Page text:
A printer that will print your CD insert is VERY DIFFERENT than your home inkjet. Number one, it is a printer that is loaded with the standard CMYK colors. Number two, it needs lots more dots per inch (dpi) than your home printer to get the job done nicely. Number three, the printer that will be printing your CD insert costs more money than your $70 inkjet and the colors will not smear under people's fingers.

4) Open your scanned photo as a separate file. Use Edit > Select All. Then use the little arrow button to drag the picture onto your CD template.

Now comes the fun part, playing around with the photo. Try to refrain from giving yourself a mustasche, beard, and large wooly eyebrows. There are lighting effects to play with, color corrections, cropping, you name it. I love to put things in photos that weren't there to begin with, like silhouettes of trees, gardens, the Loch Ness monster, etc. If it was a great photo, you could just leave it alone.

5) Add text. Please do not warp or twist! Remember the monkeys!

Here is where good taste comes in. Bad use of text ruins CD covers. It will give your CD the "cringe factor", diminishing the music inside for any potential fan. Refrain from using effects other than a light drop shadow. Never underline or italicize. This is a CD cover, not a Word document. Please stick to one font and only one font, and don't do something cheesy like BrushScript, Varsity, or Jester. Lastly, make sure to accomodate printer "bleed" by leaving a little room on each side of your text and not letting it run over the sides of the CD.

The thin sides should have the name of the CD so that way people can pull your CD from their shelf easily and already know who made it. Most of this stuff isn't rocket science.

6) Design the inside of your CD insert, most likely in black and white.

The inside of your CD insert is part of what they call 4 over 1 printing. If you want the inside of your insert to be color, it is just like designing the outside, CMYK and 300dpi. 4 over 1 is the term for CMYK on the outside and a single color of ink like black or blue on the inside. Even a postcard can be 4 over 1, as one side is CMYK and the other side is plain black ink. Lyrics are the best thing to go in there. I don't care how good your mike or your diction was when you recorded, darn it, I want lyrics.

7) Save, save, save, at least 2-3 copies of file under different names, like albumdsgn-1.psd, albumdsgn-2.psd, etc.

8) Put design on disc and give to printing house in format they prefer.

Sometimes this is high-quality JPEG, or TIFF, you never know. Mine went over as a Freehand document for QUEENIE, but that was a while ago. It depends on their equipment.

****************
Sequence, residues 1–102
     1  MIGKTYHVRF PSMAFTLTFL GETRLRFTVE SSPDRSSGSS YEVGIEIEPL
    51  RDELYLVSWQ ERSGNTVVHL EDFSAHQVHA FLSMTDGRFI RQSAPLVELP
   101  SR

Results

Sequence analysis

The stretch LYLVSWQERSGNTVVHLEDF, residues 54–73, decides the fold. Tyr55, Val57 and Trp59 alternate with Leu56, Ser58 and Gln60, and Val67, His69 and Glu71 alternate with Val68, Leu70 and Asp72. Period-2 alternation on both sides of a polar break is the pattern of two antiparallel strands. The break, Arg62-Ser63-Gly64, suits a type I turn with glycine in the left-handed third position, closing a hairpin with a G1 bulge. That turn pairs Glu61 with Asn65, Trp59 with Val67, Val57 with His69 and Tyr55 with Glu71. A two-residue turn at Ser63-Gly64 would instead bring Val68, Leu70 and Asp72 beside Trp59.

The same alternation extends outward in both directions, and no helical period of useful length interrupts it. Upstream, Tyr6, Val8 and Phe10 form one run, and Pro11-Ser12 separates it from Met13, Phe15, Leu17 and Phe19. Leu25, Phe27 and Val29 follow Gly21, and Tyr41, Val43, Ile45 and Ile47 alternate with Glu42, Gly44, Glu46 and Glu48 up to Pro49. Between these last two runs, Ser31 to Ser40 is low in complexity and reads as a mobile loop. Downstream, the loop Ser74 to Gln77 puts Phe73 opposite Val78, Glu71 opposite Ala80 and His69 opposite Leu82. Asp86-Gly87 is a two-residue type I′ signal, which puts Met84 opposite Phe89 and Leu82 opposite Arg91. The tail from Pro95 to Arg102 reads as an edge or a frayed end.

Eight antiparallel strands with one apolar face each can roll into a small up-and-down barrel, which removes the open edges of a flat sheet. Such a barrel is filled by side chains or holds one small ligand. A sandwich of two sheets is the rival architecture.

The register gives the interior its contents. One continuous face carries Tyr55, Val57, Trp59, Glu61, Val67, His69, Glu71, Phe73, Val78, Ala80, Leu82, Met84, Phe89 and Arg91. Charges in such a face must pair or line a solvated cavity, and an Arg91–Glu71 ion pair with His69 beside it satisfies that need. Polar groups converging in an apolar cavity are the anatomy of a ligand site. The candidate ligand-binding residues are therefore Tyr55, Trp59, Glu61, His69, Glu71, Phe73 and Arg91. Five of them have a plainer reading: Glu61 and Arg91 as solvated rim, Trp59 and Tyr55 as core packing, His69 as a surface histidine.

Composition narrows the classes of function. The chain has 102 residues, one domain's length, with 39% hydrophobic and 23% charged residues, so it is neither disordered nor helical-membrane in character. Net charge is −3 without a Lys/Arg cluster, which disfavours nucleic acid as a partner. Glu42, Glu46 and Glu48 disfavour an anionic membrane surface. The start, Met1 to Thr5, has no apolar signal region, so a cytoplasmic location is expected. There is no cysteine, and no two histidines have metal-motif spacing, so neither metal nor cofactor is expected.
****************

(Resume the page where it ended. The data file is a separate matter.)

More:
DESIGNING AND DUPLICATING CDS

Duplicating CDs, at least for the time being, costs a lot of money. Short-runs are not economical. A short run is 800 CDs and under. Can you sell 1000 CDs? Because if you get 1000 duplicated, it will cost about $1400 dollars to get extremely professional results, the whole package, including the insert you designed and the CD plus case. Sure, somebody will write me and say that they found it cheaper, but you must understand that I'm talking about a product that looks exactly like it came from the shelf of a fancy store. I've spent days calling around Chicago, asking prices on CD duplication. The best price I was able to get for a short run of 100 CDs was about six dollars per CD, or $600. Not good! We're not even talking inserts, just printed CDs.

If you do short runs, your best alternative is to buy a CD burner/duplicator and make your own. Nowadays, these machines are available from companies like the afforementioned Discmakers, Condre, Microboards, Primera, and others and start at 300 dollars. This means that you will be burning the CDs, some machines as fast as 17 CDs per hour, at home with your own machine. The .WAV files or .AIFF files will go right from your finished, mastered CD to seventeen other CDs.

Then you will print a design on them yourself. There are two options for this, an inexpensive inkjet printer or a more pricey laser on-cd printer. Having limited money I own the inkjet kind. I buy special CDs made to print upon. They start out white and then go through my cute little on-cd inkjet printer, which cost under $100 on sale at the Apple store. The drawback with my cute little inkjet is that if you get it wet or put your fingers on it, it smears and ruins itself. To avoid this problem I use a clear polyeurathane coating spray normally used for artwork and carefully spray the the topside to coat.

Was any of this easy? No, but it is all worth it. Having a professional CD design to your name is the best. It is a sense of absolute accomplishment--you are now an artist with a professional CD! I hope that those of you reading this send me pics of your cool CD covers, because I'd love to see them before you hit it big on CDBaby. Happy designing!